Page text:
Fatigue, especially chronic fatigue, can be associated with long term anemia. Anemia is condition seen when there are fewer than normal red blood cells available in your blood to carry oxygen throughout your body. A main cause of anemia is low iron levels in the blood which causes hemoglobin deficiencies. People who are anemic commonly feel tired, look pale, and become easily winded.
This panel examines the principle causes of anemia through the following tests:
Arthritis is characterized by pain, swelling and stiffness associated with joint inflammation. Causes of arthritis can vary from injury, long term wear and tear, or infection. The Arthritis Panel is used to assess a person’s potential for having Rheumatoid arthritis (RA) and gout (a common form of arthritis). Rheumatoid factor (RF) and CCP antibodies are useful for identifying person’s with RA or who may develop RA, and possibly identify the level of severity. Uric acid levels are measured to help identify gout, a common form of arthritis. Elevated levels of C-reactive protein are indicative of inflammation.
The Arthritis Panel includes the following tests:
The Athletic Performance Panel has been designed to offer biochemical information about factors that can affect an athlete’s performance and recovery after training. This information can be used to establish baseline values and to monitor them over time so that you can modify your current training as needed in order to reach your athletic performance goals.
This panel includes:
Your blood can tell you a lot about your body and allow you to reach optimal performance if you know your current stats and stay educated about sports nutrition technology. Whether you are an elite athlete or just beginning to train, it’s important to properly structure your training regimen, manage nutrition, deal with fatigue and reach your goals.
The Cardiac Lipid Panel measures the lipids that are recommended by the National Cholesterol Education Program to determine your risk of having a heart attack or stroke. This panel includes cholesterol, HDL, LDL, and triglycerides. Total cholesterol is made up of HDL, or "good” cholesterol, which decreases your risk for heart disease, and LDL, or "bad” cholesterol, which increases your risk. Triglycerides are now considered a risk factor for heart disease.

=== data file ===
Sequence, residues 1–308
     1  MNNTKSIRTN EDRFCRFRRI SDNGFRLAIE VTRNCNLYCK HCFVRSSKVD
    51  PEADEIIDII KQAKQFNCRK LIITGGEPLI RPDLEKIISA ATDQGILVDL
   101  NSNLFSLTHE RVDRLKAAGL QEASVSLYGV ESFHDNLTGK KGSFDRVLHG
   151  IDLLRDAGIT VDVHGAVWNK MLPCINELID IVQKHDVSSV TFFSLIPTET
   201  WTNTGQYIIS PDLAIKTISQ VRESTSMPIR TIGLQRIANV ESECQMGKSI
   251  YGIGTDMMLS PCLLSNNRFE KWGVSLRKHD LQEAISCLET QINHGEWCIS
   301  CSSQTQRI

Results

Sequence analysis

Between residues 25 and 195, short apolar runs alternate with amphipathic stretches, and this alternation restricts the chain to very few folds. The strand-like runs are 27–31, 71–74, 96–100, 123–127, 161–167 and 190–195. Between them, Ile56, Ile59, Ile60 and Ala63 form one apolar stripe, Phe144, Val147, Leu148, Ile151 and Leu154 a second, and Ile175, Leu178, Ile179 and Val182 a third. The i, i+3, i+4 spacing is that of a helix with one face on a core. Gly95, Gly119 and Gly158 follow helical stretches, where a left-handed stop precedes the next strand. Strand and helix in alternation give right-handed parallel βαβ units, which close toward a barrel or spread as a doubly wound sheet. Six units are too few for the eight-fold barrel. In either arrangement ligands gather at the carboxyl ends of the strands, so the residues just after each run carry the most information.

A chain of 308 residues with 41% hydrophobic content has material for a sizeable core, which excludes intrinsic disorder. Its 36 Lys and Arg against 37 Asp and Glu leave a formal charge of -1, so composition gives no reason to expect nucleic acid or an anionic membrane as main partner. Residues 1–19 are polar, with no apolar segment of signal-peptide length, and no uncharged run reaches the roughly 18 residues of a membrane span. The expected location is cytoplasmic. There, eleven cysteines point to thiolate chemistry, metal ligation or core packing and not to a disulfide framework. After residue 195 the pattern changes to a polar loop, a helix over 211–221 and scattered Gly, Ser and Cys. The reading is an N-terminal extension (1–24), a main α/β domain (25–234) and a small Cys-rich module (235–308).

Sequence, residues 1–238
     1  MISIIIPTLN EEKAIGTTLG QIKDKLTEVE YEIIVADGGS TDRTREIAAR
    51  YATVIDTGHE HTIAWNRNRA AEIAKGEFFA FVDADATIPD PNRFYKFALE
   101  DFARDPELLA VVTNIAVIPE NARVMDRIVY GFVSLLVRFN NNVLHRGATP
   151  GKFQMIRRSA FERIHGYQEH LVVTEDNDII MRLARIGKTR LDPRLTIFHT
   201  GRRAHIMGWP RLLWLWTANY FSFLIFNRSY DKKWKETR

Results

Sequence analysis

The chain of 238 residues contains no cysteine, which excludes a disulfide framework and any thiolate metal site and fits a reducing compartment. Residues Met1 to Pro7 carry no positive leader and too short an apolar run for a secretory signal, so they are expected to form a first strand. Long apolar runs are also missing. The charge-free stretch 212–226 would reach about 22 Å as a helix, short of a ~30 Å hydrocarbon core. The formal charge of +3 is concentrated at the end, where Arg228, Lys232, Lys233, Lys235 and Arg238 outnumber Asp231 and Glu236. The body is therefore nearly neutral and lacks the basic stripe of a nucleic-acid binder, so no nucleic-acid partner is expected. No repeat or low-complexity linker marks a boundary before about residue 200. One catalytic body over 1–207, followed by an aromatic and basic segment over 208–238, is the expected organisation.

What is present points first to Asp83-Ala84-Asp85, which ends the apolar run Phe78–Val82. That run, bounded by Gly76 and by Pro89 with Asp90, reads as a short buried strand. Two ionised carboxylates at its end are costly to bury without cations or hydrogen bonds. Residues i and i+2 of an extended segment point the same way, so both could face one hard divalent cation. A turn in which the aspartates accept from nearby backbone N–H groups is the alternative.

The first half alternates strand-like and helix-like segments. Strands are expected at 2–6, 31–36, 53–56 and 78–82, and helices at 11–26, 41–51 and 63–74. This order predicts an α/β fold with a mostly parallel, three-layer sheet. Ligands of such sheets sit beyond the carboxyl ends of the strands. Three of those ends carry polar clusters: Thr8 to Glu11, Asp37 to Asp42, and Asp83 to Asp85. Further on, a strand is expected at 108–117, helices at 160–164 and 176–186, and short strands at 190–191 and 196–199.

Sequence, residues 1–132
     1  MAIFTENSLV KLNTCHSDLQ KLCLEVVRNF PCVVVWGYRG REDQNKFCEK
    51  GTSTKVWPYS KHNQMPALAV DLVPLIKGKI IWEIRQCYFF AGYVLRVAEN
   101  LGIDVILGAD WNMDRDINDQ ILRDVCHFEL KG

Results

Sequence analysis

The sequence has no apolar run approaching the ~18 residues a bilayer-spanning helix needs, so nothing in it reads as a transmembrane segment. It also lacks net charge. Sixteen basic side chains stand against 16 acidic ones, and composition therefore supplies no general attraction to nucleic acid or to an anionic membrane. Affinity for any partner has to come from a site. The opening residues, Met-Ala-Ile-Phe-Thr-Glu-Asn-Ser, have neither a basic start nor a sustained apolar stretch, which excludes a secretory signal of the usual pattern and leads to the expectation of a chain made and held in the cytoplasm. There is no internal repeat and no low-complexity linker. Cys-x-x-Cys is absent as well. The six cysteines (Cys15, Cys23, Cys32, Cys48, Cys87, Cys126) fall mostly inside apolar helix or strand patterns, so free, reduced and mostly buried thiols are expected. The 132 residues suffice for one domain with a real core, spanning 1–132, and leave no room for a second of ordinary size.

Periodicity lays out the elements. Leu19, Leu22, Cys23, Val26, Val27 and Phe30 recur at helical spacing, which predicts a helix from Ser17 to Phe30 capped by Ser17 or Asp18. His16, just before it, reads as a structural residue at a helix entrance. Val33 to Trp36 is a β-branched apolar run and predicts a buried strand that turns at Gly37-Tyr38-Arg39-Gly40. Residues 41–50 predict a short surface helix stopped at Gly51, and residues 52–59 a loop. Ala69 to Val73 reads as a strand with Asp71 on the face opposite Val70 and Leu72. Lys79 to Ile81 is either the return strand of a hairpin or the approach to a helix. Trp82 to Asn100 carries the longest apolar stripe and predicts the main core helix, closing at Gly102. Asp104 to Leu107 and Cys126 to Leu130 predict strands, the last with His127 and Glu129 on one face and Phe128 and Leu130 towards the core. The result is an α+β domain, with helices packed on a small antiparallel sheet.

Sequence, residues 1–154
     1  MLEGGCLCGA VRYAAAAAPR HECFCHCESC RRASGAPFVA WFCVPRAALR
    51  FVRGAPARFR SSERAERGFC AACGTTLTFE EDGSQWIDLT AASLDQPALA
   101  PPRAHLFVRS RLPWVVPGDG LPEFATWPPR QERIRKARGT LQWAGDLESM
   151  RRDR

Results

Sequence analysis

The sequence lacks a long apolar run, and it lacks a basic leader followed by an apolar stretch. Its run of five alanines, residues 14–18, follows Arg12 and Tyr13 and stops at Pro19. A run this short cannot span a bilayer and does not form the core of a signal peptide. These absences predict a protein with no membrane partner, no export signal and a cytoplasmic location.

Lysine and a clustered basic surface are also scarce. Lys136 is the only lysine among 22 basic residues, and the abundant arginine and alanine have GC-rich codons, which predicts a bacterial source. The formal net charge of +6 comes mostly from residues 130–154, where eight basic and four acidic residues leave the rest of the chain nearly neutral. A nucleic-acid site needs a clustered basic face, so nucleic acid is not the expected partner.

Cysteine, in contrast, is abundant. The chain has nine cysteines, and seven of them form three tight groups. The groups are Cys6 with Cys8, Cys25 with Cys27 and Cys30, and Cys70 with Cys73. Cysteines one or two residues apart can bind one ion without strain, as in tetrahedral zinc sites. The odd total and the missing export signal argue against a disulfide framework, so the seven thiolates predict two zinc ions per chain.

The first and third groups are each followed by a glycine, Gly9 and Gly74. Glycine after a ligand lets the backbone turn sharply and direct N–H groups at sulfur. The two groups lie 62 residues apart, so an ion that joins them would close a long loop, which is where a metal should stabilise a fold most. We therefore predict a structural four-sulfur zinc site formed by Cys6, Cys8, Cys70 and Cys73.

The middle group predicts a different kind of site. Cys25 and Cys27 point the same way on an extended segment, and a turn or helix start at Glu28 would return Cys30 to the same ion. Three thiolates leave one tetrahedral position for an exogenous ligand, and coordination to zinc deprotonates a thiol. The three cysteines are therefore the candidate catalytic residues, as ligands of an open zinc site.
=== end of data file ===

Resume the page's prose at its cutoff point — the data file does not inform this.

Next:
The Complete Blood Count (CBC) is used to screen for anemia, infections, and other blood diseases. The CBC is commonly part of a routine physical exam or if you are experiencing symptoms that could be caused by a condition of the blood cells. The CBC counts all the blood cells and also classifies them into various types.
The Comprehensive Cardiac Risk Panel measures the lipids that are recommended by the National Cholesterol Education Program to determine your risk of having a heart attack or stroke and also measures other important risk factors. This panel includes cholesterol, HDL, LDL, triglycerides, glucose, high-sensitivity C-reactive protein (hsCRP), and homocysteine.
The Comprehensive Metabolic Panel tests for 17 substances found in the blood that are frequently ordered to get a general overview of your health. Results of the tests provide valuable information on how well several of your organ systems are functioning. The Complete Metabolic Panel covers diabetes, kidney function, gout, nutritional status, anemia, liver function, and proteins.
Specific analytes measured in this test are albumin, bilirubin, calcium, CO2, chloride, creatinine, glucose, alkaline phosphatase, potassium, total protein, sodium, AST, ALT, BUN, globulin, A/G ratio, BUN/creatinine ratio, and an estimated GFR.
DHEA-sulfate is a male sex hormone that is present in both men and women. It is the most prominent circulating steroid in humans. It plays a role in sexual development at puberty, and is also converted into other sex hormones such as testosterone and estrogen. The DHEA-sulfate test is often done in women who have developed male body characteristics (called virilism) or who have excessive hair growth (called hirsutism).
Normal levels of the hormone estradiol provide for proper ovulation, fertilization of the egg (conception), and pregnancy, in addition to promoting healthy bone structure and regulating cholesterol levels. Estradiol (E2) is the predominant form of estrogen and is produced primarily in the ovaries with additional amounts produced by the adrenal glands in women, and in the testes and adrenal glands in men.